These statements, which could be labeled sticks, contrast with the others (carrots) in which President Obama showed himself to be in favor of holding talks with countries like Iran, Syria and North Korea. The combination of sticks and carrots is effective since it promotes understanding while it conditions the behavior of States.

AN ADMINISTRATION AS HARSH AS, OR HARSHER THAN, THE PREVIOUS ONE

“The new American leader is shrinking the fence around the Afghan president, who is accused of drug trafficking in the country”The arrival of Obama to the White House has constituted a continuation of the line maintained by the second Bush administration, above all during its last few months. As such, while he has held out his hand to the [3] Zardari governments, he has also shown himself to be uncompromising when it comes to issues like corruption, drug trafficking or collaboration with terrorists. Let’s analyze these points in detail.

On one hand, we can affirm that the new administration is as harsh as, or harsher than, the outgoing Bush administration since, for example, the missile attacks on the frontier regions that harbor Al Qaeda militias have been maintained. Indeed, a few days ago a missile attack killed Khalil Dawar and four terrorists in the village Mir Ali (in North Waziristan). “The new administration is willing to carry out a hard, blunt and resolute policy in Afghanistan”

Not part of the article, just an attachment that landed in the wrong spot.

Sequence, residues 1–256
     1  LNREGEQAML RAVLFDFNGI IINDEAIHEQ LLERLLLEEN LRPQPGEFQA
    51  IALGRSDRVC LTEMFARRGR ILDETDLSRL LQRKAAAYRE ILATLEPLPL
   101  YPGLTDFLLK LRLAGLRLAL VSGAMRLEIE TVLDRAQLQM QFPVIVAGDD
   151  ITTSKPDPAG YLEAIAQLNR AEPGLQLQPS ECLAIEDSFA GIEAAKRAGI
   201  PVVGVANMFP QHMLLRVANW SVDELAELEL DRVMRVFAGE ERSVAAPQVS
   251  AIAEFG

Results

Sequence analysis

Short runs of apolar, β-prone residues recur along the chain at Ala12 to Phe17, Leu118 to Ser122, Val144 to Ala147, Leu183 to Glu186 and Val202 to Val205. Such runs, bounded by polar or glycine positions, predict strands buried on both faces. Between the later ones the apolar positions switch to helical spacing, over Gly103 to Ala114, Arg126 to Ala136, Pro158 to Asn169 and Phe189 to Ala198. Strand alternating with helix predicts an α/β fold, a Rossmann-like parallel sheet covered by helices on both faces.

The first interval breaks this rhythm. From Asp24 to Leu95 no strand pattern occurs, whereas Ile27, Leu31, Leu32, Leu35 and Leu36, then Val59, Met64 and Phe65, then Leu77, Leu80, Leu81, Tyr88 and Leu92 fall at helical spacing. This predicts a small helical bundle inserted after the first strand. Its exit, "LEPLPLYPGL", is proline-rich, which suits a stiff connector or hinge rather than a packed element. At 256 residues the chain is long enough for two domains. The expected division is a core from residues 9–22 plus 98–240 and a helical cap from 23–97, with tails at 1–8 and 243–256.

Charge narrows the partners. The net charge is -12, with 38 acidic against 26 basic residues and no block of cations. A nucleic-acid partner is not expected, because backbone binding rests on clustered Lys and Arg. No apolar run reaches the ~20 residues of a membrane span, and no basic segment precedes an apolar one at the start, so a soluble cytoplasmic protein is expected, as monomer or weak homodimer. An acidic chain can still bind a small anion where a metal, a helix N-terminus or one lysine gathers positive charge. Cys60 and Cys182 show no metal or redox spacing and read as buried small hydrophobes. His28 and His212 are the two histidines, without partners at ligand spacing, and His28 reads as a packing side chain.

What’s more, the new American leader is shrinking the fence around the Afghan president, who is accused of drug trafficking in the country. In fact, Karzai’s brother has been singled out as the man most responsible for Afghan narcotrafficking. As such, the new secretary of state, Hillary Clinton, has called Afghanistan a narco-State, an unprecedented event, since the Bush administration had a much smoother relationship with President Karzai. President Obama’s promise to bring the number of troops deployed in Afghanistan up to 30,000, mainly providing reinforcements to the [4] Helmand province, where nearly 50 percent of the world’s opium is produced, should be understood within the same framework.

RICHARD HOLBROKE, OR THE CARROT

On the other hand, Washington has hosted a delegation composed of three former ministers ([5] Dr. Abdullah, [6] Ashraf Ghani and [7] Ali Ahmad Jalali) and [8]Gul Agha Sherzai, the current governor of the [9] Nangarhar province, a region where American troops can be found. Any of these men could occupy the presidential seat, which is why the visit is a call to attention for President Karzai, who will have to try to hold on to the presidency when his term of office expires next summer.